Flight to Waikiki

(Saturday morning) It is 8:12 in Hawai’i. Ron is still snoozing away. I am, of course, still in Central time so it is noon for me.

I don’t think I’m cut out for air travel. I find it totally exhausting – and not because of the time change. It just seems like the whole process puts a lot of stress on your body.

We were up at 3 yesterday morning to grab a taxi by 4 to get to the bus and to the airport for a flight at 6:30. The good thing is Ron flies free and my ticket is deeply discounted. The bad thing is, it is a standby flight. So we aren’t even sure if we are going to get on.

The Swan's reveal.

It is like a mini-version of The Swan where all the real passengers are boarded and all that’s left is the rest of us standbys – eagerly waiting to hear our names called. Ron had even mapped out if we missed the flight to LAX we could grab the next flight to LAX or even to Denver and then to Hawai’i (the direct ORD to Honolulu flight was packed so there was little chance of us getting on it). He kept calling me all night with new scenarios to try out – I basically didn’t care which way things happened – we were at the mercy of UAL.

But our names were called and we were the last two passengers to get on. All the way. In the back. Where you can’t recline your seat. I slept most of the way to Los Angeles. Once at LA we had a connecting flight in a different terminal so we hauled ass to that gate and then did another standby waiting game.

Sidebar: If I’d had a passport we might have dropped the Hawai’i plans and gone to Amsterdam instead. I could be face down in a hash bar right now with a sex show onstage in front of me. But like all God-fearin’ Americans – I only know one language and I don’t have a passport.

Our names were called and we boarded along with a Hawai’ian family with two of the cutest little girls you’ve ever seen in your life. They slept like rocks the whole way there. There mom had packed them tightly into their seats with pillows and blankets and apple juice and other maternal niceties. I tried to be precocious but she just ignored me.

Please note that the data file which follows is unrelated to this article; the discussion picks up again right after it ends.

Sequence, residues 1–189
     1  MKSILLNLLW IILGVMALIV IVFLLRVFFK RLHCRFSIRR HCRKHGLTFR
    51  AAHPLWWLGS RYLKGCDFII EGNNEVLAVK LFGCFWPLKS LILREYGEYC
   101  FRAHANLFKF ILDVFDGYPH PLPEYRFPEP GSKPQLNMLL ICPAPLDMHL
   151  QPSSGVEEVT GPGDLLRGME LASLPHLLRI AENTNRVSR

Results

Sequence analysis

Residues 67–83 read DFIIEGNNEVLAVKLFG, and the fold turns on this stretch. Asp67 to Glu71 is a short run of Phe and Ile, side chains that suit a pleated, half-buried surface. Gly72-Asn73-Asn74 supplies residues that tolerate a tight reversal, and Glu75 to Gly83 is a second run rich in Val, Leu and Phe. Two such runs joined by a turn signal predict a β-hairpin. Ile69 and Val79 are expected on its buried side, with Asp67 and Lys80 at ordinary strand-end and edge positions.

We were in Economy Plus for the flight to Hawai’i so I was able to recline somewhat and Ron revealed the stash of snackies he’d stowed in his backpack. I think the Pepperidge Farm Sausalito (chocolate chip + macadamia nut) lasted a whole 20 minutes.

You’ll notice that I’m spelling Hawai’i with an apostrophe – evidently that is how you are really supposed to spell it – and prononuce it. I think in Indiana we prononuce it Ha-why or Ha-why-yee – but it is a full glottal stop on that last vowel – and a schwa for that first one.

The flight was long and I had a window seat but the window didn’t line up with my seat so I wasn’t able to enjoy the vista.

The first thing I notice stepping off the plane is the air. There is something about ocean air that is immediately pleasing. The humidity, the slight salt and the blowing wind. Whether it is South Carolina or the few times that Lake Michigan produces a similar effect, that ‘beach air’ always instantly calms me.

We get on the shuttle (not the Wiki Wiki) to Waikiki to check in to our hotel. The driver talks and talks and talks about Hawai’i and what we can do and where we can do. Actually – very professional and friendly – but we were both starving and the purser on the flight had given us an entire Discovery Channel narrative as we approached the island.

We get into the city and check in to the Ohana Hotel Malia. This would be considered a cheap hotel. There’s no cable, no internet, generic soap and little else. It isn’t dirty at all – just bare bones. And in Waikiki, bare bones is $100 a day. It is no Econlodge – we are on the 16th floor and have a great voyeur’s paradise of peeping available.

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